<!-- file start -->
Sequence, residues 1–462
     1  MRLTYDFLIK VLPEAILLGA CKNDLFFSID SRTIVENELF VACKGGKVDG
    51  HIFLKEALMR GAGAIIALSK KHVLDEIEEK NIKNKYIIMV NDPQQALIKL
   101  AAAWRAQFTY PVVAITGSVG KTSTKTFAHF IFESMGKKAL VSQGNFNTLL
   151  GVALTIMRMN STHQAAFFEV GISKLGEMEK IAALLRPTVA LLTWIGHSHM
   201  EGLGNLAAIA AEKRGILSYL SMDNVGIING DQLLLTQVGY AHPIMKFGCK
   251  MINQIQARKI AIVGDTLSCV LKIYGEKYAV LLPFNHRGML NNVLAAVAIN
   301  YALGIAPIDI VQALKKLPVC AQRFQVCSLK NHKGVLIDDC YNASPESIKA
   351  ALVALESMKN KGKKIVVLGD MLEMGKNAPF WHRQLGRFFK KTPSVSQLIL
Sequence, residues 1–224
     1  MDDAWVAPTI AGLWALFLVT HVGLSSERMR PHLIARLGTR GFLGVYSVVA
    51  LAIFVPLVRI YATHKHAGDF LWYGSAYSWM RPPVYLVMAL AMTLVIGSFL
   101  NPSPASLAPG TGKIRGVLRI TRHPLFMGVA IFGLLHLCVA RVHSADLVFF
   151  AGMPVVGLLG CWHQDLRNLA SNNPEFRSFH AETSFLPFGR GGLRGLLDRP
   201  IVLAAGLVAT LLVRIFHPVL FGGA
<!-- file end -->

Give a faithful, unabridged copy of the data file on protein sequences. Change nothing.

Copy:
Sequence, residues 1–462
     1  MRLTYDFLIK VLPEAILLGA CKNDLFFSID SRTIVENELF VACKGGKVDG
    51  HIFLKEALMR GAGAIIALSK KHVLDEIEEK NIKNKYIIMV NDPQQALIKL
   101  AAAWRAQFTY PVVAITGSVG KTSTKTFAHF IFESMGKKAL VSQGNFNTLL
   151  GVALTIMRMN STHQAAFFEV GISKLGEMEK IAALLRPTVA LLTWIGHSHM
   201  EGLGNLAAIA AEKRGILSYL SMDNVGIING DQLLLTQVGY AHPIMKFGCK
   251  MINQIQARKI AIVGDTLSCV LKIYGEKYAV LLPFNHRGML NNVLAAVAIN
   301  YALGIAPIDI VQALKKLPVC AQRFQVCSLK NHKGVLIDDC YNASPESIKA
   351  ALVALESMKN KGKKIVVLGD MLEMGKNAPF WHRQLGRFFK KTPSVSQLIL
Sequence, residues 1–224
     1  MDDAWVAPTI AGLWALFLVT HVGLSSERMR PHLIARLGTR GFLGVYSVVA
    51  LAIFVPLVRI YATHKHAGDF LWYGSAYSWM RPPVYLVMAL AMTLVIGSFL
   101  NPSPASLAPG TGKIRGVLRI TRHPLFMGVA IFGLLHLCVA RVHSADLVFF
   151  AGMPVVGLLG CWHQDLRNLA SNNPEFRSFH AETSFLPFGR GGLRGLLDRP
   201  IVLAAGLVAT LLVRIFHPVL FGGA